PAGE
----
"There are lots of people in the world that know less than Bello," Seppi answered wisely. He put the horn to his lips, puffed out his cheeks, and blew with all his might. It made a fearful noise, which was echoed from all the surrounding cliffs and was answered by Fritz's yodel far away on the mountain path. Bello pricked up his ears and whined. They called back and forth in this way, the sounds growing fainter and fainter in the distance, until they could no longer hear each other at all, and the Twins were for the first time quite alone on the mountain with Bello and the goats.
When at last they reached the pasture, they threw themselves down on the grass, and Leneli at once took her knitting out of her pocket and went to work. Bello sighed and lay down beside her, with his eyes on the goats. The sun was warm and it was very still on the mountain-side. There was no sound except the tearing noise made by the goats as they cropped the grass and the tinkle of their bells. Then Seppi began to practice on his horn. He blew and blew until he was red in the face, trying to play Fritz's tune, but only a hoarse bellow came from its throat.
Leneli stood the noise for some time. Then she plucked a blade of grass, stretched it across a hollow between her two thumbs, and, when Seppi was not looking, blew with all her might right by his ear! It made a fearful screech, which echoed and reechoed until it seemed as if the very air had been broken into a million bits.
Seppi gave a screech of his own and clapped his hands over his ears. "What did you do that for?" he said crossly, "just when I was beginning to get the tune."
"Well," said Leneli, "you may have begun, but you were still a long, long way from getting it! My noise was just as good as yours! I'll stop if you will."
Seppi grumpily laid aside his horn and sat hugging his knees and looking at the wonderful view spread out before them. Across the valley the Rigi lifted its crest to the sky. Little toy villages, each with its white spire, lay sleeping silently in the sunshine. On the shores of the lake far below he could see the city of Lucerne. It might have been a painted city, for not a sound reached them from its busy streets, and there was no movement to be seen except here and there the waving of a tiny thread of smoke. On the lake the white sails looked, at that distance, like tiny white butterflies hovering over the blue water.
"I suppose we can see almost the whole world from here; don't you?" said Leneli.
"Pooh! no," Seppi answered loftily. "There's lots more to it than this, though this is the best part of it, of course. Why, there are oceans bigger than Lake Lucerne and a mile deep, and there's Paris and London besides."
"Dear, dear," said Leneli. "Mother says we are very near to God on the mountains, and I suppose He can look down and see everybody and know just what they are doing all the time, but I don't see how He possibly can keep track of all of us at once."
"He can't, silly," answered her brother, still more loftily. "Don't you know that the earth is round, so He can't see but one side at a time, if He looks ever so hard? I suppose that's why He made the night-time. He shuts some of the people up in the dark whole He watches the rest of them on the other side." Seppi had never thought this out before, but he always tried to have some answer to give to Leneli when she asked questions, or else she might get the idea that he didn't know any more than she did. Leneli usually believed whatever he told her, and, this question being settled, she went on with her knitting.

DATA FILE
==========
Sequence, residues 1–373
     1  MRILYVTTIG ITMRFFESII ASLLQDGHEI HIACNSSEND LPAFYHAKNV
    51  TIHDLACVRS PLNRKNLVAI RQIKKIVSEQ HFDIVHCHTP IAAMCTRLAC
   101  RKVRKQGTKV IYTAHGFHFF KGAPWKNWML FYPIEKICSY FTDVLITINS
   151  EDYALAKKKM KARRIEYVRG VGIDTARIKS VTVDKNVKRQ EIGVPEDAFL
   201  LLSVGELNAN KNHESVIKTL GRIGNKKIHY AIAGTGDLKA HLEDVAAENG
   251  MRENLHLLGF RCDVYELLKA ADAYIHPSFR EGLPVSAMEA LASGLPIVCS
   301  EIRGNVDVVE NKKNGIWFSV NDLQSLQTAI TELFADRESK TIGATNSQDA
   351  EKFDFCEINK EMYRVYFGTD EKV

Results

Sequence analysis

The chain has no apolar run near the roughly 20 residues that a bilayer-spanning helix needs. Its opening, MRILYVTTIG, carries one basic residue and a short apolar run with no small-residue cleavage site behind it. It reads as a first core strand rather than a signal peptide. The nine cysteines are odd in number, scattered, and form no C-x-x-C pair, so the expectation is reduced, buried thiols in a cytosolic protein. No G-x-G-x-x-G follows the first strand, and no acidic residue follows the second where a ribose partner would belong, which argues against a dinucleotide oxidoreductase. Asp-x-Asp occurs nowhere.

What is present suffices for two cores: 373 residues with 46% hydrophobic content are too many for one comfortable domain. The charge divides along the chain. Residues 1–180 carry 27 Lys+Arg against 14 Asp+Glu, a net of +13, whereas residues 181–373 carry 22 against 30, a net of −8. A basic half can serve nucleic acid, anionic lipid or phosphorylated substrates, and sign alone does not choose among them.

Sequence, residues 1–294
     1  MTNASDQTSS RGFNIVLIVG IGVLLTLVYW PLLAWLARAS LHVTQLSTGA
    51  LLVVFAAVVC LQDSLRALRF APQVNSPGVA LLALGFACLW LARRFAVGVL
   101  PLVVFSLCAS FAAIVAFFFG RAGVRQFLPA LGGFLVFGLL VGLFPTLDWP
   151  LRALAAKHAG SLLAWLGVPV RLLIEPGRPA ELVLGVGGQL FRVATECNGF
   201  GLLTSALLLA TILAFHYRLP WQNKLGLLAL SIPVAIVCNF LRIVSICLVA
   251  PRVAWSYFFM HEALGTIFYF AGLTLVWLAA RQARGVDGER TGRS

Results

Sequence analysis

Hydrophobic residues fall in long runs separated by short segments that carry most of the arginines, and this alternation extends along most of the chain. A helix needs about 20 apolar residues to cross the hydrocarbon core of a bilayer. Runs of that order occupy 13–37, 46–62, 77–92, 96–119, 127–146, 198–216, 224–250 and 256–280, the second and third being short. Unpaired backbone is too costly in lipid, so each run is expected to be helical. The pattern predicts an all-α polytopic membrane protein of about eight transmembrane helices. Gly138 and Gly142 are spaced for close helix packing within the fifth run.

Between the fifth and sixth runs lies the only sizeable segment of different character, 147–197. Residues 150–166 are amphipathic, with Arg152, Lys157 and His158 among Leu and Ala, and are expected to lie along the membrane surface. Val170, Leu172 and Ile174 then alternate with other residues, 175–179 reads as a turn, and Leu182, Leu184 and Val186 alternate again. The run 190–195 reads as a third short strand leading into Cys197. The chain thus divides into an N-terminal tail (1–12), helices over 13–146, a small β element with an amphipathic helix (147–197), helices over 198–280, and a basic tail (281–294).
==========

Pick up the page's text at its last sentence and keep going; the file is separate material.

The goats grazed peacefully about them; the air was very still and grew quite warm in the sunshine. About the snow-white crest of the Rigi little wisps of clouds were gathering. They grew longer and longer and sank lower on the mountain-side.
"It's raining in Lucerne," said Seppi.
The clouds fell still lower and spread over the whole valley, until the children from their high seat looked out over a sea of mist. There were sounds of distant thunder from the rolling clouds and vivid flashes of lightning far below them.
"It's a little lonesome up here with all the world shut away out of sight, and nobody around but God; isn't it?" said Leneli timidly.
"There are the goats, and Bello," answered Seppi comfortingly. He looked straight up into the sky. Little wisps of clouds were gathering around the crest of old Pilatus now. The sun was suddenly hidden, and he felt a drop of rain. "It's going to rain here in a minute, and hard, too," he said.
"What shall we do?" cried Leneli, rolling up her knitting and springing to her feet.
"Get wet, I guess," answered Seppi. "There's no shelter."
"There must be something," said Leneli. "I'll look, while you and Bello get the goats together." She dashed away as she spoke, and soon from a point farther down the mountain they heard her call.
Goats, Bello, and Seppi, all came thundering down the path together and found her huddled under an overhanging rock, sheltered by the branches of a spreading pine. Bello and Seppi dived under the rock beside her, and the goats gathered close about them just as the storm broke in earnest. The lightning flashed, the thunder rolled, and the rain came down in torrents, making a gray curtain of water about the rock. The children shrank back under the shelter as far as they could go, and neither one said a word, except once when a stream of water suddenly ran down the back of Leneli's neck. Then she jumped and said "Ow," in a voice that Seppi heard even above the roar of the thunder.
For a long time they sat there while the storm raged about them. Then the thunder went roaring away farther and farther down the valley, the rain ceased, and the sun came out.
"The storm's over," said Seppi. "Let's get out of here."